With one of the youngest rosters in the league this season bound to get younger still - with veteran trades and more draft picks on the horizon - player development is absolutely key to rise of the Phoenix Suns in the coming years.
Enter first-time head coach Jeff Hornacek, who said when he was hired in May that he had always envisioned himself a college coach-to-be so that he could teach fundamentals.
"My goal was never to be a coach in the NBA," Hornacek said in May when he was hired. "I always felt I would coach, but I thought that would be on the college level. I felt that what I'd learned over the years would be too much for high school, but the pro guys... they already know everything, so why would I do that?"
After joining the Utah Jazz coaching staff several years ago, he realized that young NBA players didn't know those fundamentals after all, so the transition to NBA coaching became much more viable.
"There's so many pro guys that are one-and-dones," Hornacek said. "Or didn't get the teaching in college on how to play the game, and they don't know a lot of this stuff."
Throughout the summer, I've heard comments that Hornacek and his hand-picked coaching staff - big men coaches Mark West and Kenny Gattison, assistant head coach Jerry Sichting and defensive coordinator Mike Longabardi - were very committed to player development with the young guys who stuck around the arena all summer.
"I think you can do anything with them, you just can't have organized practices," Hornacek said at the beginning of the summer. "You can't make them come, but they're here and they want help they can just ask one of the coaches and that's totally fine to do."
According to reports, rookies Alex Len and Archie Goodwin were around all summer along with young veterans Kendall Marshall, Marcus Morris and Markieff Morris and older players Shannon Brown and P.J. Tucker among others. In August, more players started showing up, including new acquisition Miles Plumlee.
"The coaching staff has been great," new backup center Miles Plumlee said at Media Day. "I feel like I've improved a lot in the past month, so that's been great for me."
He's been working the most with Kenny Gattison and Mark West, the big man coaches. While the Suns have always had a stable of big men coaches in the past, recently Bill Cartwright, Sean Rooks and Ralph Sampson, the feeling is that these new full-time coaches (West was in the Suns front office for a long time) are much more focused on the little things and have been successful getting their points across.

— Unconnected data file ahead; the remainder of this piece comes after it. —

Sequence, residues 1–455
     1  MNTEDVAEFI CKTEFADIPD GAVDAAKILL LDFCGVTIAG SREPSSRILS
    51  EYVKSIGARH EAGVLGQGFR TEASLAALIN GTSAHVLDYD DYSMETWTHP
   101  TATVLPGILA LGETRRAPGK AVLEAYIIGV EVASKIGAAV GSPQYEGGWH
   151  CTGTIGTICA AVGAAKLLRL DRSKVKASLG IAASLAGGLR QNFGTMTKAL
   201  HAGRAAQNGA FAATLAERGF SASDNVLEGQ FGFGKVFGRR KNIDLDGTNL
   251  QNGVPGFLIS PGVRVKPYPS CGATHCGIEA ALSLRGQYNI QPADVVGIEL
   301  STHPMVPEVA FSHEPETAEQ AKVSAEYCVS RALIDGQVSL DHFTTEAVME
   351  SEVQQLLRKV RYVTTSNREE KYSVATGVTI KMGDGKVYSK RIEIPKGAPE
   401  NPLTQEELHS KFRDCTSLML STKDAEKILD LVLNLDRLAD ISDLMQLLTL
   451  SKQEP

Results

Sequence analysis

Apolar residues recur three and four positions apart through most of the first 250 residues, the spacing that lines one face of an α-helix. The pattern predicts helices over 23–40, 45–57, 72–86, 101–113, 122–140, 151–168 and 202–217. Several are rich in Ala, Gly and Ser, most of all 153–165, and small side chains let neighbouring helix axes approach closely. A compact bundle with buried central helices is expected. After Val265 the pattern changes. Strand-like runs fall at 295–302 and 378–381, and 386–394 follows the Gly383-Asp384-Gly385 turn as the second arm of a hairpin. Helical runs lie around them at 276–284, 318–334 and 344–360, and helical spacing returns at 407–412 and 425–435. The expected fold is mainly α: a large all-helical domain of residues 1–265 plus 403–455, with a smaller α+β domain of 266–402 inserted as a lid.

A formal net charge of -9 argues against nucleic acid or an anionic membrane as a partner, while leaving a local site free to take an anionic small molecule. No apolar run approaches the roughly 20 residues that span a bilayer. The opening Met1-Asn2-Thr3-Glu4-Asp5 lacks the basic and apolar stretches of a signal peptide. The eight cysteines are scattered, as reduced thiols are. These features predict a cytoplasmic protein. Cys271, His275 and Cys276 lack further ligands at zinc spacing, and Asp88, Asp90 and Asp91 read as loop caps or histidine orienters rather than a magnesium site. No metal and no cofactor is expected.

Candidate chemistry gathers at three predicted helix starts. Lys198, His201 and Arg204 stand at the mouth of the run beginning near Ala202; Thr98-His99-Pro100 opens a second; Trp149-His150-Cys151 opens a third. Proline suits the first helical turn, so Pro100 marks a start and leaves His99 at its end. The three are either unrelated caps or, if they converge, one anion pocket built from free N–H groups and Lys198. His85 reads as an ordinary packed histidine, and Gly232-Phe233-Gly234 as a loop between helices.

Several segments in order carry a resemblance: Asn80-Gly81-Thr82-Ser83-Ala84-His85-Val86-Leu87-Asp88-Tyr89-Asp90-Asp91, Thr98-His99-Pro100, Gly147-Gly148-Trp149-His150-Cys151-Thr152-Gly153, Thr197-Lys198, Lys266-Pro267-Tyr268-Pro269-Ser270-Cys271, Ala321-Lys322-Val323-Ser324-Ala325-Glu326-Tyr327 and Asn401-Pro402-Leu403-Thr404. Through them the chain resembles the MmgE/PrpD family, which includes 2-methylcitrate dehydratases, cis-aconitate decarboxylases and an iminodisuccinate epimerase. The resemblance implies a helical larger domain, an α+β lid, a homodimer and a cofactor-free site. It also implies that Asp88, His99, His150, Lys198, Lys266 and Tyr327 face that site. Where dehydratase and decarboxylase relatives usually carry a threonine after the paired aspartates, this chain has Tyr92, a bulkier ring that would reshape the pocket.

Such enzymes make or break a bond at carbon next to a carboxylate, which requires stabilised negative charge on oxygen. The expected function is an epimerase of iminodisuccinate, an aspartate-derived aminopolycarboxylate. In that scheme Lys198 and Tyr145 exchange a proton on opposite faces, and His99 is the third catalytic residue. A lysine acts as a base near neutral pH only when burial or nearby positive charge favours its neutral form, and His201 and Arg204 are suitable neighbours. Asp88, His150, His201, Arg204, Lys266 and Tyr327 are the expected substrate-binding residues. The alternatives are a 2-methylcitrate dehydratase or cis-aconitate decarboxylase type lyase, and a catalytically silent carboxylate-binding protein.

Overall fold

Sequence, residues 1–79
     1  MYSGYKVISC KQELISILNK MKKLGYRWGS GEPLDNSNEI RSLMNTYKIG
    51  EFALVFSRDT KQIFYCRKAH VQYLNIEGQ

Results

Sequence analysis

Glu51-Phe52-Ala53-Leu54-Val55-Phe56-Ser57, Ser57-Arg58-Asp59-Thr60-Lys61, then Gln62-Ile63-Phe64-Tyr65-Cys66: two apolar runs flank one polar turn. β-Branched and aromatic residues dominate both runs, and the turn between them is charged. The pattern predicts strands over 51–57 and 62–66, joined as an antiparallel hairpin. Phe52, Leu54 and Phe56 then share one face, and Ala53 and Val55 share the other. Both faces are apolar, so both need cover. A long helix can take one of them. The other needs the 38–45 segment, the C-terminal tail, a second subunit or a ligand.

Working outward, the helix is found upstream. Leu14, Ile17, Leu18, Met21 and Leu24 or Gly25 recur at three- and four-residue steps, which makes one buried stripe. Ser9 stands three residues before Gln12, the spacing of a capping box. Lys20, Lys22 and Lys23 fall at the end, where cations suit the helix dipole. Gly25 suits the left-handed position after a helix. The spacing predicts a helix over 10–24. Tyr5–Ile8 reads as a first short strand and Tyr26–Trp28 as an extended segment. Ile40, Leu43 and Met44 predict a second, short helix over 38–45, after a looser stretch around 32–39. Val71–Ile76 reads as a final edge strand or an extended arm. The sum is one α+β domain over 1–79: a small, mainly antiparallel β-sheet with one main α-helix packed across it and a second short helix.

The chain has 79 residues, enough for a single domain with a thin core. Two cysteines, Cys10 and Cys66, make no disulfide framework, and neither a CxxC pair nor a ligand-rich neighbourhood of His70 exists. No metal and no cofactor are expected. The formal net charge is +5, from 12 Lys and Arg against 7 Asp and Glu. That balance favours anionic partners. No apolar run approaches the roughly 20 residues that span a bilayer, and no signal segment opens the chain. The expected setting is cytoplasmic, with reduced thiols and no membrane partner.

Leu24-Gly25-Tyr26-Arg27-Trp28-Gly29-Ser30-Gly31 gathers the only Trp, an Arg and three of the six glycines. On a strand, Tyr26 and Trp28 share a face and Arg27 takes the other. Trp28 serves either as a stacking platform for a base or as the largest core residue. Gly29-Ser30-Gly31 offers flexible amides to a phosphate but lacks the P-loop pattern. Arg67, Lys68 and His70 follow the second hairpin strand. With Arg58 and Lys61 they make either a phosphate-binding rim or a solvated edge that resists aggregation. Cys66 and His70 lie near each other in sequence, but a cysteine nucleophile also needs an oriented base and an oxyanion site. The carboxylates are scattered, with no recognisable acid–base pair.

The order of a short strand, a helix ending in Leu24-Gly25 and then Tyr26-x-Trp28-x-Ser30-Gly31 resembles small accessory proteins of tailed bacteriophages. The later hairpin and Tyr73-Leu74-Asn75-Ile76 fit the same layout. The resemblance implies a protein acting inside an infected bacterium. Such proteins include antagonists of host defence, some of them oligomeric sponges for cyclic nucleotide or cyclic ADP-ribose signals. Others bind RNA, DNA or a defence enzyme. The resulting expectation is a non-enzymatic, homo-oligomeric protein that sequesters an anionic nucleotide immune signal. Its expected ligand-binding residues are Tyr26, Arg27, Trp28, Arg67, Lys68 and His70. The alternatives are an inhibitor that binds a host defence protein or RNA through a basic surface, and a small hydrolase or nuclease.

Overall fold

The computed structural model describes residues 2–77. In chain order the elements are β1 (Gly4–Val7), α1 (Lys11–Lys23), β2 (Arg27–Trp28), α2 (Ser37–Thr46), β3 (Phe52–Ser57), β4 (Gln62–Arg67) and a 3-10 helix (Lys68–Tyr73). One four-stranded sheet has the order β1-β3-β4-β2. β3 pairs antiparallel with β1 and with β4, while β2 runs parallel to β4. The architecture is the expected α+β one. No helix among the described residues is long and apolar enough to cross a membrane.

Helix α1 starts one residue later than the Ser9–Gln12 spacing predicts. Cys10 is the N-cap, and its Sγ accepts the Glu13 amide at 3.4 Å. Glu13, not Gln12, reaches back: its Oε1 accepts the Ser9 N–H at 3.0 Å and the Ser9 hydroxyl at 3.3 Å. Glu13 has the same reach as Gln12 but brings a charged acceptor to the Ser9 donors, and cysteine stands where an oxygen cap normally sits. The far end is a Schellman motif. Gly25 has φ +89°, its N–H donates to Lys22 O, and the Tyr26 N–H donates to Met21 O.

"Improving your offensive package, working on your moves and pivots," Plumlee said of that they've taught him so far. "Across the whole coaching staff, everybody's got a great attention to detail. Even though it's pickup, they're letting us know if we're not guarding ball screens correctly, and what we should be doing. A lot of teams in the summer just let you play."
21-year old second year pro Kendall Marshall had a lot of positives to say about the staff as well.
"I'm excited about it," Marshall said of Hornacek and the staff. "[Hornacek]'s very involved. whether its workouts, or something he sees on the court, he doesn't take a back seat. He's very hands on. I think that's great for us, especially with a younger team. It's a great coaching staff. Everybody is very involved. They come to the table with a very business-like attitude."
Suns President of Basketball Operations Lon Babby has been impressed.
"There is genuine teaching going on at a level we never had," Babby said in an exclusive interview with Bright Side. "Jeff, first and foremost. He has a great way of communicating with the kids.
"He's a teacher. And his staff has been teaching. I come down here and I'm just sort of amazed at the level of teaching that's going on now that didn't exist before. And he's not just paying lip service to it. He genuinely enjoys it."
All coaching staffs have made effort in teaching fundamentals, and to be fair this is only preseason so the Sh%t hasn't hit the fan yet and there's no reason to finger-point. Alvin Gentry's staffs taught fundamentals as well, and so did Lindsey Hunter's staff.
Hornacek could be seen pulling guys aside to explain, during Monday's preseason game, what they did wrong on the immediately completed play or telling them as they ran down the court on defense. He does it in a quiet, calm manner to help get the point across without the use of a hammer.
It remains to be seen if this coaching staff has success on the court, and whether their teachings result in significant positive development of the team.
But at least it's a strong start.